This blog goes static

After a bit more than 9 years, I am replacing Serendipity, which as been hosting my blog, by a self-made static solution. This means that when you are reading this, my server no longer has to execute some rather large body of untyped code to produce the bytes sent to you. Instead, that happens once in a while on my laptop, and they are stored as static files on the server.

I hope to get a little performance boost from this, so that my site can more easily hold up to being mentioned on hackernews. I also do not want to worry about security issues in Serendipity – static files are not hacked.

Of course there are down-sides to having a static blog. The editing is a bit more annoying: I need to use my laptop (previously I could post from anywhere) and I edit text files instead of using a JavaScript-based WYSIWYG editor (but I was slightly annoyed by that as well). But most importantly your readers cannot comment on static pages. There are cloud-based solutions that integrate commenting via JavaScript on your static pages, but I decided to go for something even more low-level: You can comment by writing an e-mail to me, and I’ll put your comment on the page. This has the nice benefit of solving the blog comment spam problem.

The actual implementation of the blog is rather masochistic, as my web page runs on one of these weird obfuscated languages (XSLT). Previously, it contained of XSLT stylesheets producing makefiles calling XSLT sheets. Now it is a bit more-self-contained, with one XSLT stylesheet writing out all the various html and rss files.

I managed to import all my old posts and comments thanks to this script by Michael Hamann (I had played around with this some months ago and just spend what seemed to be an hour to me to find this script again) and a small Haskell script. Old URLs are rewritten (using mod_rewrite) to the new paths, but feed readers might still be confused by this.

This opens the door to a long due re-design of my webpage. But not today...


Thanks for going static. I really like, that comments are using via e-mail. How do you process those comments? Do you have a hook in your mail user agent to open your editor and work on the comment directly?
#1 anonymous am 2014-08-24T01:38:21-07:00
I don’t get that many comments. So for now, I manually copy’n’paste the comments to the respective XML file – this file in your case. But at least for the conversion of the date format, I guess I need some help... For now date --iso=seconds -d 'Sun, 24 Aug 2014 10:38:21 +0200' does the job.
#2 Joachim am 2014-08-24T08:57:56-07:00
#3 Thomas Koch am 2014-08-24T02:58:03-07:00
Thanks! Another advantage of this kind of commenting is that I can fix typos in comments :-)
I have a handy CGI-to-Mail script lying around for other sites anyways, which uses Template Toolkit. I guess I might use that. We’ll see. As I said, I don’t get many comments anyways :-)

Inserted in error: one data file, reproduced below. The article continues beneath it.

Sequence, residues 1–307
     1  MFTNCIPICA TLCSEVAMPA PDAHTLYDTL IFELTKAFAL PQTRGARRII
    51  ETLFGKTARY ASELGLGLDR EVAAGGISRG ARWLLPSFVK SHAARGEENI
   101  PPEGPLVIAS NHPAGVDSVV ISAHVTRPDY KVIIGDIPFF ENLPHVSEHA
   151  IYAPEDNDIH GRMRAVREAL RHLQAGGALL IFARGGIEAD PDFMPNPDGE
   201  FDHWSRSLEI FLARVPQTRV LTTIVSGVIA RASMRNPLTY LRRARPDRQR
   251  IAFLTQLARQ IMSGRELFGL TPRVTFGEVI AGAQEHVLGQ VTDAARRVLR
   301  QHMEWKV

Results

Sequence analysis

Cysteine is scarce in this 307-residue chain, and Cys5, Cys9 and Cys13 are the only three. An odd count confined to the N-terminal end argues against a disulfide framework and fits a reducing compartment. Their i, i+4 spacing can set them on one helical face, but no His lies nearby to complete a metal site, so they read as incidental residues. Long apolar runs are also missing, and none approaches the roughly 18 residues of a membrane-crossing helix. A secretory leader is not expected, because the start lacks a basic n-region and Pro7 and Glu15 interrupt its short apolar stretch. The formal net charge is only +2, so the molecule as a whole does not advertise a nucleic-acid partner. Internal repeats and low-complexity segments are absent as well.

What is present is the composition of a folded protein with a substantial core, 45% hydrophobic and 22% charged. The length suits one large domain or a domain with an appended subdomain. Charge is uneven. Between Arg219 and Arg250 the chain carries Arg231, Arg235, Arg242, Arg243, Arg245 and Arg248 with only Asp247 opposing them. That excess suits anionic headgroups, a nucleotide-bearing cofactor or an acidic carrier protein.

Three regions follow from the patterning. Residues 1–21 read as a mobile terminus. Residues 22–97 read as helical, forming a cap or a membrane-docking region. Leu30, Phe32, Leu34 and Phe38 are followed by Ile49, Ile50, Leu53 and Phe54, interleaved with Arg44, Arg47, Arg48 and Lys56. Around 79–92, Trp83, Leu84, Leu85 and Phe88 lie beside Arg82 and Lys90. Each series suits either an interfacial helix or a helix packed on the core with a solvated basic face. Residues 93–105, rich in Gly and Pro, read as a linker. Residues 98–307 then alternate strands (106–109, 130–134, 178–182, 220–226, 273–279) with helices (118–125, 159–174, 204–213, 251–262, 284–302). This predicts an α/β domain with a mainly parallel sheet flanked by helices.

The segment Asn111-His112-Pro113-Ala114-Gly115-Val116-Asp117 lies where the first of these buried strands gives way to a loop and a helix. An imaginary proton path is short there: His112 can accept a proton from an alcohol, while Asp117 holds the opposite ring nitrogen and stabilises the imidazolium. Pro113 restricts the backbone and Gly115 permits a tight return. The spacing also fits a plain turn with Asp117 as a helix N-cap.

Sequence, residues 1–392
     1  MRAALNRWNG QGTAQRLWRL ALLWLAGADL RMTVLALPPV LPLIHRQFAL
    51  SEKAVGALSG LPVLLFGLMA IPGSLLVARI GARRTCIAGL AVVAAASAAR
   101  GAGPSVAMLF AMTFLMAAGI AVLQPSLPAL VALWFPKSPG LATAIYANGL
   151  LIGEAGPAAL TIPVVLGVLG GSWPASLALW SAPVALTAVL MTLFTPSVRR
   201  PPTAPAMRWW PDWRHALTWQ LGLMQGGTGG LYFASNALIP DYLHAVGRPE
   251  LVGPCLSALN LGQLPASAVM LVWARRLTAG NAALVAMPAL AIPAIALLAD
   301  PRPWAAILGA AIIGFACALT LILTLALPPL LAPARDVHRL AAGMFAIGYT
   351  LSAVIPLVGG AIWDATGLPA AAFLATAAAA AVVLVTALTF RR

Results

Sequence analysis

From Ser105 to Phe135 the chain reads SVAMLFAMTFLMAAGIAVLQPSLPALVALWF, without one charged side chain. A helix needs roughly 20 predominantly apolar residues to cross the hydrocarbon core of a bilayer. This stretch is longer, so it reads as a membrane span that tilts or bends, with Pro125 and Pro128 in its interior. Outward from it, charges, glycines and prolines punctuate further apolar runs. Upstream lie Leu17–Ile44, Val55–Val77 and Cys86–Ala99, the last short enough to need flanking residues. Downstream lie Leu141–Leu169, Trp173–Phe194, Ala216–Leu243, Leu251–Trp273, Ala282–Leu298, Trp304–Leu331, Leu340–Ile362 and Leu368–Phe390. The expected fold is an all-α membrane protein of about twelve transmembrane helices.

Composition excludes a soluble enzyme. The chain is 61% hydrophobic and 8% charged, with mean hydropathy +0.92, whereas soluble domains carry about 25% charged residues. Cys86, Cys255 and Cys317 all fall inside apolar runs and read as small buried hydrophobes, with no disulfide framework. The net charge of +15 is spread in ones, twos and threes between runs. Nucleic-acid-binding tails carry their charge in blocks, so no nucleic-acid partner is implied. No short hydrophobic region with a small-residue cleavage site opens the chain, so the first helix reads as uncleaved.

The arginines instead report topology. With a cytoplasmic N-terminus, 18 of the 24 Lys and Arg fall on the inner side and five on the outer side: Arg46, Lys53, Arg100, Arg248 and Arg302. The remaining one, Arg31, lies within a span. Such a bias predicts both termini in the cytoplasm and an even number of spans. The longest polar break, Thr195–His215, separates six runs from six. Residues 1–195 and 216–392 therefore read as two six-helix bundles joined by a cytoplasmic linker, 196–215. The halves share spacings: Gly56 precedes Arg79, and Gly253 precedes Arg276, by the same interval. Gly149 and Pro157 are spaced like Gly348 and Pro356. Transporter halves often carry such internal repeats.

#4 Joachim am 2014-08-24T09:02:00-07:00
Nicely done! I too have a small static site and this way of handling comments seems really reasonable.
My eyes caught "self-made static solution", I am really curious: what tools are you using? How do you write your posts (markdown)? What made you choose to write your own code rather than other solutions (Hakyll, etc.)?
#5 Francesco Ariis am 2014-08-24T10:14:46-07:00
I write my whole webpage, and now also my blog, in XML files in a custom XML dialect (although for the blog posts, in order to import them from Serendipity, I now also include plain HTML in these files). A Makefile and a set of XSLT files transform them to the desired output.
Part of the reason for this set up is historical: I have these XSL styles around since many years (probably since 2004). Originally, they were applied server-side, using AxKit, but I moved that to client-side application in 2006.
I considered trying to use Hakyll or the like, but I believe that they would not allow me to do everything I need. In particular, I want my markup to be at least partially semantic, e.g. for my project I want to have a tag <debian-bin pkg="arbtt"/> and have the stylesheet produce the right output.
I guess I could implement the whole thing in Haskell, and probably would do so if I’d start from scratch...
I plan to integrate markdown somehow in the process, at least for writing my blog posts, but that’s still on the TODO list.
#6 Joachim am 2014-08-24T11:25:27-07:00
I like the idea of static blogs, but loosing comments is an annoying side-effect of that. As you notice, there are some external solutions that imply delegating the comment hosting to a subcontractor, but I think there are also some alternative solutions that are self-hostable: that implies setting up a dynamic virtual host for hosting comments, but it may still be more efficient that using a fully dynamic blog.
Also, I have seen one example of someone using email for comments, but in an automated way, which means messages received at a specific address, or with a specific subject, are automatically processed and added as comments. That solution also has the nice property of being able to use an email antispam solution to filter comments.
#7 Tanguy Ortolo am 2014-08-25T02:33:43-07:00

Have something to say? You can post a comment by sending an e-Mail to me at <mail@joachim-breitner.de>, and I will include it here.